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Below is a family biography included in History of Shawnee County, Kansas and Representative Citizens by James L. King, published by Richmond & Arnold, 1905.  These biographies are valuable for genealogy research in discovering missing ancestors or filling in the details of a family tree. Family biographies often include far more information than can be found in a census record or obituary.  Details will vary with each biography but will often include the date and place of birth, parent names including mothers' maiden name, name of wife including maiden name, her parents' names, name of children (including spouses if married), former places of residence, occupation details, military service, church and social organization affiliations, and more.  There are often ancestry details included that cannot be found in any other type of genealogical record.

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Guilford Dudley, formerly adjutant general of Kansas, and for the past half century a resident of Topeka, died at his home No. 719 Harrison street, April 14, 1905, at the age of 70 years. Mr. Dudley was born at Bath, Steuben County, New York, in 1835.

In many ways the life of the late Mr. Dudley was typical of Western energy although his rearing had been along the quiet, conservative lines of agricultural environment. From the district schools he entered Oberlin College, Ohio, and soon after graduation from that liberal institution he started Westward, seeking his fortune. In 1855 he settled for a few months at Lawrence, Kansas, but Topeka attracted him on account of more favorable business conditions and he located here in a real estate business and also opened a hotel. In those stirring days it was almost impossible for a man of spirit to avoid taking part in the momentous events that were here transpiring and Mr. Dudley found himself enrolled with James H. Lane, whose career belongs to the history of the State. Personal admiration for the courage of this leader as well as sympathy with his aims, led Mr. Dudley into serving as one of his guards.

Mr. Dudley had, in the meantime, come into such prominence that in 1862 he was appointed adjutant general of Kansas, an office for which he was eminently qualified, but which he resigned after an incumbency of 18 months. During his long and active career, Mr. Dudley accepted but two other public positions, that of clerk of the Territorial Legislature, in 1859, and that of city clerk of Topeka, in 1861.

While Mr. Dudley’s commercial prominence came largely through his extensive banking interests, he was concerned in many other lines, all of which were made to contribute to his success. Prior to starting his first banking business at Topeka, he traveled through Colorado, Nebraska, New Mexico and Kansas, as collecting agent for the wholesale grocery firm of Carney & Stephens, of Leavenworth. In 1869 he started the bank which for more than 30 years continued one of the solid financial institutions of the city, one old and trusted like its founder.

Mr. Dudley was also a farmer and probably took more pleasure in his agricultural operations than in all the social life and political concerns of Topeka. With him the raising of fine stock was not a fad, for he made it one of the serious questions of his life, studied the subject from every point of view, read literature from every authority and during the time he was regent of the State Agricultural College gave lectures to the students of such a practical nature that they were of the greatest permanent value. Possessing the ample means which such investigations demand, Mr. Dudley experimented on food values relating to horses and cattle and invented what is now generally used by stock-raisers as a most satisfactory combination,— the “balanced ration food.” He was also one of the very first to recognize the value of alfalfa. He was a frequent contributor to agricultural journals and his suggestions were welcomed on account of their practical nature, his results having been reached through scientific research instead of through chance. Mr. Dudley did not confine his reading to works pertaining to this subject in which he was so much interested, but covered a wide range, feeding a naturally searching mind.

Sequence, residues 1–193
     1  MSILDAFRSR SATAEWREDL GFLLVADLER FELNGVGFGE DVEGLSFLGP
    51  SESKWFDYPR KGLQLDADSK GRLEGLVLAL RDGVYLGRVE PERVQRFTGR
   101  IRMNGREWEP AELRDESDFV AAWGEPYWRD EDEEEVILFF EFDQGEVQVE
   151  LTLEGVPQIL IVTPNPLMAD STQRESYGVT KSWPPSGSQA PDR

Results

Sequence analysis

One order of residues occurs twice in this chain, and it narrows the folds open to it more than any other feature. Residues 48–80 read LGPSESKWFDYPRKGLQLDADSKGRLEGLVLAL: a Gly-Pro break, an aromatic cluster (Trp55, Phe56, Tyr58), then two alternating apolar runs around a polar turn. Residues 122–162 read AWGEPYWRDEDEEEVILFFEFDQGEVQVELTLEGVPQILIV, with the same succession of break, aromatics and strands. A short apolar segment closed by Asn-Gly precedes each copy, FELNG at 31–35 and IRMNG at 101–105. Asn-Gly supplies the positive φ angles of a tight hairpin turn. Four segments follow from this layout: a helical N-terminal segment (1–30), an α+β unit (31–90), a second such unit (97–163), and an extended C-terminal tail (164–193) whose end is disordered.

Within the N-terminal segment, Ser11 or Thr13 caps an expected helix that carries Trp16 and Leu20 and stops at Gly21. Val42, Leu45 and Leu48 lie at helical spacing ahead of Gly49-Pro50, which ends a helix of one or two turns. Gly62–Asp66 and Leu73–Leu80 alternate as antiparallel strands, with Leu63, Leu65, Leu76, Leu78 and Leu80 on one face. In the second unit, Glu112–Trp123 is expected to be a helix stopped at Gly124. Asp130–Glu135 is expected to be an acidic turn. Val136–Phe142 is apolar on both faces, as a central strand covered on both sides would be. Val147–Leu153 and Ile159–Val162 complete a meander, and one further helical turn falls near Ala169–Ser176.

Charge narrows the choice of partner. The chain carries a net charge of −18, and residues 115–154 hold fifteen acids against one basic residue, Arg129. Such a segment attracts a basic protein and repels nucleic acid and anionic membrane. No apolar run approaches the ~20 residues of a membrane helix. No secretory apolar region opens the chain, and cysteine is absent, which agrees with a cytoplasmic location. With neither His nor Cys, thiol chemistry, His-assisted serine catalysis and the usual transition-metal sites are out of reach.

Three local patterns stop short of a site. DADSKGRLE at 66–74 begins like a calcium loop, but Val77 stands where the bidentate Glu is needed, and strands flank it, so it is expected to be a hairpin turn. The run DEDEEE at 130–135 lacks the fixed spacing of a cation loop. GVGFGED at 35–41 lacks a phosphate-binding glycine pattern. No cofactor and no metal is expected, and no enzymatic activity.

Mr. Dudley was a large property owner, his possessions including much real property of value on Kansas avenue, his beautiful home on Harrison street, a number of fine farms and the tract which is partly used as Association Park by the Topeka Baseball Company. He was president of the great Crosby Roller Milling Company, in which he owned a large amount of stock.

Mr. Dudley was married at Topeka, June 5, 1867, to Samantha V. Otis, who was born at Rutland, Vermont. She still survives with a son and daughter, the former bearing his father’s honored name, and the latter being the wife of Dr. William Walker, of Philadelphia. Although Mr. Dudley was a man of quiet tastes he enjoyed sociability and the companionship of congenial friends. He was a member of the Topeka Club, and was one of the 50 charter members of the Saint Ananias Club, of Topeka, and shortly before his fatal illness he had succeeded in organizing what was to be known as the Farmers’ Club, its membership to be made up of old residents who had been farmers. He was a man who made his influence felt wherever he was, not through any ostentation, but quietly and wisely.

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This family biography is one of 206 biographies included in History of Shawnee County, Kansas and Representative Citizens by James L. King, published by Richmond & Arnold, 1905.  For the complete description, click here: Shawnee County, Kansas History, Genealogy, and Maps

View additional Shawnee County, Kansas family biographies here: Shawnee County, Kansas

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